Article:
Does becoming a parent make working more stressful?

Does becoming a parent make working more stressful? hero image
Geraldine Gallagher photo
By Geraldine Gallagher
Executive Coaching Consultancy

Each person who is going to become a parent requires a tailored approach because they are all individuals.

Does becoming a parent make working more stressful?

Nowadays enlightened employers recognise that becoming a parent marks a momentous life change for a significant portion of their employees. For people in professional careers they are likely to become new parents in their thirties; just when their careers are taking off. It’s a vulnerable time and as many as one in ten of mothers experience Post natal depression according to figures from the NHS. The incidence of fathers experiencing PND is on the rise too, presumably as more men take on the role as primary carer. Even when PND isn’t triggered, becoming a parent can result in significant stress.

We coach predominantly in large City firms where the pressure to perform is high and the people we coach are high fliers. They are in the turbo-charged phase of their career and the decision to become a parent is not taken lightly. Women in particular are very conscious of the maternity penalty where their careers can stall when they become mothers. So, to forestall this, they try to pass key career milestones before having their baby. They worry a lot about whether they’ll still be taken seriously after they’ve had a baby and can’t fathom how they will manage their current role in less time. That’s where coaching is useful as we can help them figure out what makes them good so they can play to their strengths and focus their energy more. Helping them to slow down and think about what 20% of what they do results in the 80% impact is a good way to ward off anxiety about a less elastic day.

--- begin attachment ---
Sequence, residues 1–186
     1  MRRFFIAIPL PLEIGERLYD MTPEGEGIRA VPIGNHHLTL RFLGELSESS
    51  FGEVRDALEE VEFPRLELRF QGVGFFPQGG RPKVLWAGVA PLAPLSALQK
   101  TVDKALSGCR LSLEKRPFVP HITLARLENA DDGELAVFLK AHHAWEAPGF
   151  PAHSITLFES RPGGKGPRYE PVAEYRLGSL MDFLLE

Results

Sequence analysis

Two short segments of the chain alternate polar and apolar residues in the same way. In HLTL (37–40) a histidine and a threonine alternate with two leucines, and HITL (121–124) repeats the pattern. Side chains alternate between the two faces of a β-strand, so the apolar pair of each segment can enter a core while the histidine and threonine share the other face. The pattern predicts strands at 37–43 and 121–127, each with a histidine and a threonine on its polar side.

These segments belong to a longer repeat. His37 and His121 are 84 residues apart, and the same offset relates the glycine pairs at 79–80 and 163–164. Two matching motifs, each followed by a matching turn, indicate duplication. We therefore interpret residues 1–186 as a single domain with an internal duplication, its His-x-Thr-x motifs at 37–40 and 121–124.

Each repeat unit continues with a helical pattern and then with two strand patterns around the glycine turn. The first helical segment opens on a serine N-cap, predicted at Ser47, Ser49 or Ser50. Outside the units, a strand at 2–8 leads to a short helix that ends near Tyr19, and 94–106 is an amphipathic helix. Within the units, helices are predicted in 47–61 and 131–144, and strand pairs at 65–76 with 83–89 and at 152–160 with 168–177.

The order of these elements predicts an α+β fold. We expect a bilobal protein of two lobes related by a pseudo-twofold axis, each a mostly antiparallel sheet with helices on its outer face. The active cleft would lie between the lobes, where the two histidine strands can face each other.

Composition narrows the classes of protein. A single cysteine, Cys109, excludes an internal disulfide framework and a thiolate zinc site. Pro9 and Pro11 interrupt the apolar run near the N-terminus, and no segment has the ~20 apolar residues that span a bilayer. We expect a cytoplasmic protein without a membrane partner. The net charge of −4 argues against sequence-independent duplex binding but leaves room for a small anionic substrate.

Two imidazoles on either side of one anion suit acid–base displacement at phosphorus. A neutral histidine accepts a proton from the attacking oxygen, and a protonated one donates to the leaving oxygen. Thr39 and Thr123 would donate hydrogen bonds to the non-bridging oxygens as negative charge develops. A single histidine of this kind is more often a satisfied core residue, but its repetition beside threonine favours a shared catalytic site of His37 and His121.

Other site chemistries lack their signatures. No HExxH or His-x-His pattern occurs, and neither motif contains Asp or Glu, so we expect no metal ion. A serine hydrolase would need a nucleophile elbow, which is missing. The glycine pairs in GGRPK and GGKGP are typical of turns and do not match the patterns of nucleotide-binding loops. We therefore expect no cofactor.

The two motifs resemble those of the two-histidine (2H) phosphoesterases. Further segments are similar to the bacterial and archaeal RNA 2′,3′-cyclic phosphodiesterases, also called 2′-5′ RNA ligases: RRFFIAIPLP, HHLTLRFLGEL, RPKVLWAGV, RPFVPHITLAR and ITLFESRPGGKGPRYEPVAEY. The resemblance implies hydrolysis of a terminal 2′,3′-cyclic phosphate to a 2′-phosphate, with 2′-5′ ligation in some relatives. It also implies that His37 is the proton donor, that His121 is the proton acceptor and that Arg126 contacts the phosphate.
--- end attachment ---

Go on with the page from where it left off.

Having them practice setting boundaries before they go off on maternity leave is helpful too. Of course Managers can do this too. Managers need to check in with women who are pregnant by asking how they are doing. Avoid the ‘wall of silence” that some mothers have described to us when their manager almost avoids them, so nervous are they about saying the wrong thing. It’s helpful to have a dialogue about contact while they’re off too. Best not to assume that they won’t want any contact at all. When in doubt, ask. At times in our first coaching sessions with mothers-to-be, some can seem in denial.

Their jobs are highly pressurised and they don’t have time to think about it, preferring to work as hard as possible right up till they have the baby. It’s as if “having a baby” is just one of the hundreds of things on their To Do list. it’s worth making sure someone isn’t overworking on the run up to their maternity leave. It’s hard to get it right because many women don’t want to be treated differently and are anxious to prove that nothing will change and may feel patronised by exhortations to go home. Equally, other women describe how insensitive their manager has been by continuing to arrange meetings at a late hour or not respecting their Ante-natal appointments.